When it comes to long-term care planning, some folks choose to set aside substantial sums of cash in a “safe-money-sinking-fund” (CD’s, savings, money market accounts, bonds) as a hedge against the future cost of care. There are a number of reasons consumers pursue this strategy of self-insuring:
· They don’t think they’re ever going to need care.
· They’ve considered insurance but they think it’s too expensive or that they can’t medically qualify.
· They want to maintain control of their money and be able to pass on what’s left to their heirs.
These are all legitimate motives. However, with inflation heating-up, and returns on these self-insurance strategies lagging (.5% – 4% and taxable in most cases) how’s this strategy going to work out? I liken this to putting out a fire using a water bucket riddled with holes; not so well. But, you may have better options.
A Well-Kept Secret
The Pension Protection Act (PPA) of 2006 paved the way for some annuities to provide tax-free benefits for qualified long-term care. Generally speaking, when a qualified rider is part of a deferred annuity, benefits paid from the policy for long-term care are received tax-free. This includes your original deposit into the annuity and the gain realized over the years. Some of these PPA Annuities double or triple your money at time of claim, others can include continuation of benefit riders if your care requirements exhaust your annuity value after being on claim.
PPA Annuities generally rely on a simplified medical underwriting process in the form of knock-out questions, which means if you can answer “no” to a series of 8 to 10 questions, your approval is almost assured. Your deposit will be safe with an insurance company, you’ll have specific withdrawal provisions if you need access cash prior to needing care (this can impact your future long-term care benefits), and if you don’t need care or use your entire benefit, a named beneficiary can receive the value of the annuity at death, just like a savings account.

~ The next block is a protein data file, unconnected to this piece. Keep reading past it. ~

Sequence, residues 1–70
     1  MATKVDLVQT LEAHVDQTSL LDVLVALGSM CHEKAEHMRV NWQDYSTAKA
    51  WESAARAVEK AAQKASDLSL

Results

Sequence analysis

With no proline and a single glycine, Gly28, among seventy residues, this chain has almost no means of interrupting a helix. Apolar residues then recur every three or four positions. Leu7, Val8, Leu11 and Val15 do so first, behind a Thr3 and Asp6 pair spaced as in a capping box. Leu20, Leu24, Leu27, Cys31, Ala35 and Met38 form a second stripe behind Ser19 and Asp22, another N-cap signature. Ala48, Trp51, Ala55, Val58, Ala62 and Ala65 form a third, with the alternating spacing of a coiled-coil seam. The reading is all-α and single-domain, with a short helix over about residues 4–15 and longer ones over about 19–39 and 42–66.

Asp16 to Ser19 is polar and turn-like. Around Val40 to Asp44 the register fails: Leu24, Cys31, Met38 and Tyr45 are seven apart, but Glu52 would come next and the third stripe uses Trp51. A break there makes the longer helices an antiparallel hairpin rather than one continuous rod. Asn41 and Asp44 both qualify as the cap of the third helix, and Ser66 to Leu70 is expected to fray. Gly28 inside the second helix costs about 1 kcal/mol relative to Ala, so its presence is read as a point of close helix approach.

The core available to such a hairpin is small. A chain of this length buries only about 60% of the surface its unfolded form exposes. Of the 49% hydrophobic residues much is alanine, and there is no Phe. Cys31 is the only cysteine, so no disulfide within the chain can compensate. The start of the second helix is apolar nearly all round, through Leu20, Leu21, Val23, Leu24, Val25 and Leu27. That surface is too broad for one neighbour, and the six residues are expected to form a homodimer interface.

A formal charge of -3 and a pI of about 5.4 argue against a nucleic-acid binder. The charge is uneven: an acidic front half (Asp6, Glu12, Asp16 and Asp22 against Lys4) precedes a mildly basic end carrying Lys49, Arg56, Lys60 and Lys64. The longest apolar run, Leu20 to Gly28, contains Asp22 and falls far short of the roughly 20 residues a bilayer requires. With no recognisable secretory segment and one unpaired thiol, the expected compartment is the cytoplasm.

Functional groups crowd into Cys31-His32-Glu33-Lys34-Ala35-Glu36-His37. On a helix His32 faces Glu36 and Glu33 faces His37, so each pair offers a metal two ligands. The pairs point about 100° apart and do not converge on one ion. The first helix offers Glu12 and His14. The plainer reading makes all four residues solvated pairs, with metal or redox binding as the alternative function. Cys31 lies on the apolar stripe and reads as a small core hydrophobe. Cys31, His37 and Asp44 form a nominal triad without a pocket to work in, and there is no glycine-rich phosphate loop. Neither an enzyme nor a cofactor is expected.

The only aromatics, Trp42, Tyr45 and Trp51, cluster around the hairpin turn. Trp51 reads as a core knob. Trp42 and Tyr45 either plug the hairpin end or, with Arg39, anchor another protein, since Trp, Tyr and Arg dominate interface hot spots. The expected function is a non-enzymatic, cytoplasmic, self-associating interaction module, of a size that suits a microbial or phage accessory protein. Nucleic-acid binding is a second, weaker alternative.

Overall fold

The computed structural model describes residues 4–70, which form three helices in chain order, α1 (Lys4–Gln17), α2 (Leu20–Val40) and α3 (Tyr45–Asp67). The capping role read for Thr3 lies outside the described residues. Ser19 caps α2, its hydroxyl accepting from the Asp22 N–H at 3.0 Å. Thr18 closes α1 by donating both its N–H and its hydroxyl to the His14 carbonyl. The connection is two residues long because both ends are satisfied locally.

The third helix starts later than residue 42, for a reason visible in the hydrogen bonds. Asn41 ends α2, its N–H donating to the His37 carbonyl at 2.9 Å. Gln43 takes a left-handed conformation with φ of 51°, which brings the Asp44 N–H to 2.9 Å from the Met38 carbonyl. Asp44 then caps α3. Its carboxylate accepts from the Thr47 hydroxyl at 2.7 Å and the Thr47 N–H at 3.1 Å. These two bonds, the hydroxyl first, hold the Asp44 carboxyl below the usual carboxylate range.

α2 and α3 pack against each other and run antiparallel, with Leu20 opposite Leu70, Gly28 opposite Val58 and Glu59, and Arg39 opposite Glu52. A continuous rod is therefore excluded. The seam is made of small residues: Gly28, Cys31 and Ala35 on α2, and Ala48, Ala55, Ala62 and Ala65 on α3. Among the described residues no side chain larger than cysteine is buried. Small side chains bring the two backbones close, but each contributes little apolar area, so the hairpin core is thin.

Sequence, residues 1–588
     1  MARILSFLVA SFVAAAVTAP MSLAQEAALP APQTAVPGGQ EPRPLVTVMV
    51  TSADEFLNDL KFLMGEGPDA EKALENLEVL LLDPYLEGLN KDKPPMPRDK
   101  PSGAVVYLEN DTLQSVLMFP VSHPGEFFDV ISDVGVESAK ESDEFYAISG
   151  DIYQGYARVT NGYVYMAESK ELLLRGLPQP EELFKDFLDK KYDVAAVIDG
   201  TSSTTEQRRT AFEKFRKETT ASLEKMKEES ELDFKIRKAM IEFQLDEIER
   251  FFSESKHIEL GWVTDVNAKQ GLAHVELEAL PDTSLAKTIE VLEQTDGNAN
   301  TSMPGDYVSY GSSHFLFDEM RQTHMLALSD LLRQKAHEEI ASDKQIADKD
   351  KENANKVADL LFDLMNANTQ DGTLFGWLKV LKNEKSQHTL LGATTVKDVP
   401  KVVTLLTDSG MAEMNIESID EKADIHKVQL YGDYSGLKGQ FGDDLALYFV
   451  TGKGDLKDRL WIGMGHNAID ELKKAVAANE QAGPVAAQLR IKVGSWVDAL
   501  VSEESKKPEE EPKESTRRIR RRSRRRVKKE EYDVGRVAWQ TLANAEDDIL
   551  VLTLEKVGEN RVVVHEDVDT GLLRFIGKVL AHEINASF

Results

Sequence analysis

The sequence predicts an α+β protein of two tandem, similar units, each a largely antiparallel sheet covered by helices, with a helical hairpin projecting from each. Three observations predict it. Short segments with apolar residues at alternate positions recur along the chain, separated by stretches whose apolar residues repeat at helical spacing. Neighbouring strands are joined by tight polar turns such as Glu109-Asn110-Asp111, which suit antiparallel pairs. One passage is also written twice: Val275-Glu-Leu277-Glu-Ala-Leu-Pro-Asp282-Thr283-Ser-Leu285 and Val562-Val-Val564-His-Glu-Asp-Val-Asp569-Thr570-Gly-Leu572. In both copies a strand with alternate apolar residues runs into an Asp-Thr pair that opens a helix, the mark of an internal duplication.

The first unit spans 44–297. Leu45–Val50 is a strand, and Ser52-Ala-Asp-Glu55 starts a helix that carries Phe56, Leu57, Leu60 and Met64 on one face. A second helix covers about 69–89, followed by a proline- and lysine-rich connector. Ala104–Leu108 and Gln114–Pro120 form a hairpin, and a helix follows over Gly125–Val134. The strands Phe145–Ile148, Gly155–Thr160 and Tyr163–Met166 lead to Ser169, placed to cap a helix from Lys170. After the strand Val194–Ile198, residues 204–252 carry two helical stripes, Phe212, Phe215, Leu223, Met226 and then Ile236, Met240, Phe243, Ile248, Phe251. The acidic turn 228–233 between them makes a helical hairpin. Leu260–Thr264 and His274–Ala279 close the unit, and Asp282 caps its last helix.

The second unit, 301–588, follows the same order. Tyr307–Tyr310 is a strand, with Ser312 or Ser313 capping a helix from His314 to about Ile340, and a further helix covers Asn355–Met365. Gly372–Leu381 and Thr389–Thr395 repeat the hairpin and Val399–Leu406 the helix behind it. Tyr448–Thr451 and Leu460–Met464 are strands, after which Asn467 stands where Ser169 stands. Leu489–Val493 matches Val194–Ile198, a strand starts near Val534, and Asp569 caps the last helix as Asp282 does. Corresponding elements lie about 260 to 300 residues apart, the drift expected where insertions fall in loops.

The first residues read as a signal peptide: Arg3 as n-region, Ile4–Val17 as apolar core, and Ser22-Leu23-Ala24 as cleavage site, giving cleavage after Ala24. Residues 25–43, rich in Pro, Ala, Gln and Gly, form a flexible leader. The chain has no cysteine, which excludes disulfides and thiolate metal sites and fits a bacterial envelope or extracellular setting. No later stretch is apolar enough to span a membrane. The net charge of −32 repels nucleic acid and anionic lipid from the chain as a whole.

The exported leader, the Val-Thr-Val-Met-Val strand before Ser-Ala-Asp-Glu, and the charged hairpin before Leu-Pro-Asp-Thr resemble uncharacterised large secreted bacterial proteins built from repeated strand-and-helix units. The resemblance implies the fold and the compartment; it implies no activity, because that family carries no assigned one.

There is one more bit of good news if a PPA long-term care annuity is suitable for you. Many people currently own existing deferred annuities without any hedge for long-term care risk. They may have owned these annuities for years and accumulated earnings on a tax-deferred basis. If the policyholder chooses to pay for their care using these funds, they would be taxed on a last-in first-out (LIFO) basis, eroding much of their gains. An alternate strategy would be to exchange the current value of these older annuities (IRS Sec. 1035 Exchange) into one of the new plans that will provide additional benefits when care is needed. (Please note, care should be taken to consider surrender charges, if any, on the original annuity prior to any exchange. Additionally, this exchange would have to occur before the need for care is upon you.)
For those of us old enough to remember the 70s and early 80s, the inflation story is déjà vu’ all over again. The safe strategies of yesterday may no longer apply to current realities. Considerations include:
· Safety of principal.
· Current and future rates of return.
· Taxation that could be imposed on sinking funds while accumulating as well as upon liquidation to pay for care.
· The actual net “care dollars” created in your sinking fund when it’s needed.
It’s likely that inflation is with us to stay for some time. If a “safe-money-sinking-fund” is your long-term care plan, make sure it’s in a bucket that’s able to help you put out the fire.
For more information call or email me at (805) 635-7200 — firstname.lastname@example.org